Storage devices in set-top boxes are becoming a standard feature as personal video recording moves from niche to must-have status. The standard 3.5-inch form factor of hard drives will shrink to either 2.5-inch or 1.8-inch sizes, depending on what the market is demanding, says Rob Pait, senior sales and marketing manager for consumer electronics for storage developer Seagate Technology LLC.

Because current storage technologies are beginning to reach their limits, Pait notes, "the whole storage industry is looking at different ways to record information on platters."

Three contenders for new storage technologies are: perpendicular recording, in which bits are "stood up" on end in a vertical orientation; heat-assisted magnetic recording (HAMR), which uses a laser-generated beam to heat the recording medium for greater bit density; and holographic recording. Despite the choices, it's too early to predict a winner in the consumer hard drive market.

In terms of capacity, "we don't see the curve ramping quite as sharply as it has in the last three years," says Pait. During that time, consumer hard drive capacity moved from 4 gigabytes to 80 gigabytes. As far as hitting the next magic threshold of 1 terabyte, Pait notes, "it's hard to say" that hard drives will reach that capacity via a 2.5-inch or 1.8-inch drive. However, he adds, "it's easy to see hundreds of gigabytes of storage."

But another storage metric that's also important is drive read/write times. Current ATA (Advanced Technology Attachment, a.k.a. IDE) data rates are 100 megabits per second, while first-generation Serial ATA drives push 150 Mbps. Second-generation Serial ATA drives, expected to debut in 2004 or 2005, will be capable of 300 Mbps, and Pait believes 600 Mbps will be the next leap. These increased throughputs will help drives handle more audio and video streams as applications such as PVR proliferate.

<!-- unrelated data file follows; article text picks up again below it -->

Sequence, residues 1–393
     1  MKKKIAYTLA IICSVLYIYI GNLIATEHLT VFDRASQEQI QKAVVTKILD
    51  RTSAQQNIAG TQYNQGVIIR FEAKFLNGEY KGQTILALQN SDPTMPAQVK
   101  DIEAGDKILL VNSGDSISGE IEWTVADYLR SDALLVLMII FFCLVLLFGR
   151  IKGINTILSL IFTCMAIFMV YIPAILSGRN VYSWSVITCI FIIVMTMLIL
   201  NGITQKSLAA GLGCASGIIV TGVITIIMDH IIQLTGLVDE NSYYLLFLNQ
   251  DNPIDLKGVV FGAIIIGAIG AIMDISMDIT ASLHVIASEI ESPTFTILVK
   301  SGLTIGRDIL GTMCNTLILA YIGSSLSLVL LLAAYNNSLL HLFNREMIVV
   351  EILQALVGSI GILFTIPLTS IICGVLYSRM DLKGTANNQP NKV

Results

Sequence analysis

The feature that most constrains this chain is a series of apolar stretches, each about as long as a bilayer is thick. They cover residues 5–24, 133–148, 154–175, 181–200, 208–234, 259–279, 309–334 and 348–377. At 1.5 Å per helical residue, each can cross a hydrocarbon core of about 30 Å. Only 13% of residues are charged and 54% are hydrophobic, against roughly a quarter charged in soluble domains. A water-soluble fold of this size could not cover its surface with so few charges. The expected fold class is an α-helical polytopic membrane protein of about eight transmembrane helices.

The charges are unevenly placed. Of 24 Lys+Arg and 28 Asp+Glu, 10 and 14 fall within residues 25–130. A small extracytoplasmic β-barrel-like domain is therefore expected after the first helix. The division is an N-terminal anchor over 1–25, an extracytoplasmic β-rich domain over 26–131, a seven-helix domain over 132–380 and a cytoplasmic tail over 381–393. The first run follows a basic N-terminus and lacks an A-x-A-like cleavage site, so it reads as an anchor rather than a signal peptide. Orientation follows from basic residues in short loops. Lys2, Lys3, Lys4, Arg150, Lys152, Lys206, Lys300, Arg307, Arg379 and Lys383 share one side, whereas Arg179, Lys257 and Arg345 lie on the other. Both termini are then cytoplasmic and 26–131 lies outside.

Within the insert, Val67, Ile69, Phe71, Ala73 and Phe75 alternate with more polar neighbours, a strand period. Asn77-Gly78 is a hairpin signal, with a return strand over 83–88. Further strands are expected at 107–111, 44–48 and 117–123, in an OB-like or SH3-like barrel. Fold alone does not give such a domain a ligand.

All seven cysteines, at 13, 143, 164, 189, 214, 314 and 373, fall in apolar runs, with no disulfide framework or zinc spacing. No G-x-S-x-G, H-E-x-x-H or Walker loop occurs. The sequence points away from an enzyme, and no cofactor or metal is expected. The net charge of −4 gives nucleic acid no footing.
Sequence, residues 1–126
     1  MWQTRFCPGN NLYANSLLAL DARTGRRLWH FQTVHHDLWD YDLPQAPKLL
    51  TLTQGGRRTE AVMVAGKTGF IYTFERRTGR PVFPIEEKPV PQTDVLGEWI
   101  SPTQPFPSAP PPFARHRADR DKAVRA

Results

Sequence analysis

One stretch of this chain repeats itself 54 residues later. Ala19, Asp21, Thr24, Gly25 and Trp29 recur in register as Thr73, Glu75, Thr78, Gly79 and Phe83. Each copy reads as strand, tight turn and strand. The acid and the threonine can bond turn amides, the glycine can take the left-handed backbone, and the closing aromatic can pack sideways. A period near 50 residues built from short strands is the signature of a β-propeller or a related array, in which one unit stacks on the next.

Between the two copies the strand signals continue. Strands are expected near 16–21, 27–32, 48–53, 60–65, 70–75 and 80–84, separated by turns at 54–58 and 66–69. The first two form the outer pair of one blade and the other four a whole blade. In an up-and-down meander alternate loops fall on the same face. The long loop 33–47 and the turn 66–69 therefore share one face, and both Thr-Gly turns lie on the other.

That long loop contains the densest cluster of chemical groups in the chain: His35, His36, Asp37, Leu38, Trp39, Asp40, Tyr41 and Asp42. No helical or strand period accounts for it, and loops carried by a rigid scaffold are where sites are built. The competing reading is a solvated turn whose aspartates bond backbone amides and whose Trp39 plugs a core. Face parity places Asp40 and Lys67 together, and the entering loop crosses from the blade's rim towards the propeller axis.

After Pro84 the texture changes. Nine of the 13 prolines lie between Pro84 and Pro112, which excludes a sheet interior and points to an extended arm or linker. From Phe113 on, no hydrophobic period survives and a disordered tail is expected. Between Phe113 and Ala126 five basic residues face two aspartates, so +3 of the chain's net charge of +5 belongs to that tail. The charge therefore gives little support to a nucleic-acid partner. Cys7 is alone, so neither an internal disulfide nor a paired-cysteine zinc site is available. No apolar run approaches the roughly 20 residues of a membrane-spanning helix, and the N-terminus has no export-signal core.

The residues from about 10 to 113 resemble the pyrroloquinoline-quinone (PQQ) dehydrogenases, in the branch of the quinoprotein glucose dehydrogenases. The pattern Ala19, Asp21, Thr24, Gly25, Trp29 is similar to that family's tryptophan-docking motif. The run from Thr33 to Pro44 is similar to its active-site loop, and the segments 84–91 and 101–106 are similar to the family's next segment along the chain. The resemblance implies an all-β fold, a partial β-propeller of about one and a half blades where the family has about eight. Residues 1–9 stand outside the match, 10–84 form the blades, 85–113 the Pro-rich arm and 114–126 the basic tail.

Advanced display

A few years ago, the notion of holographic TV was floated around the cable industry, and captured the imaginations of the futurists, but the technology most likely will not be ready for prime time by 2010, despite the massive CPU and storage capabilities expected to be available.

"Sheer processing power is only part of the solution," says Stephen Benton, founder of the spatial imaging group of the Massachusetts Institute of Technology's Media Lab. One roadblock is limited device bus bandwidth.

More likely is advanced 3-D technology using displays with cameras that can determine where viewers are located in a room. In this way, different programming can be beamed to different people in the room, and/or different images beamed to the left and right eye, thus creating 3D images without glasses. Prototype boxes have been developed that send two images.

The fly in the ointment of any discussion of future set-tops is a series of issues, including the resolution of digital content copying and distribution, costs and operators' business plans based on consumers' perceived acceptance of new technologies. But clearly the horsepower and advanced applications will be on the shelf if and when operators decide to take the next step toward the futuristic home that George Jetson has dangled in front of our eyes for so many years.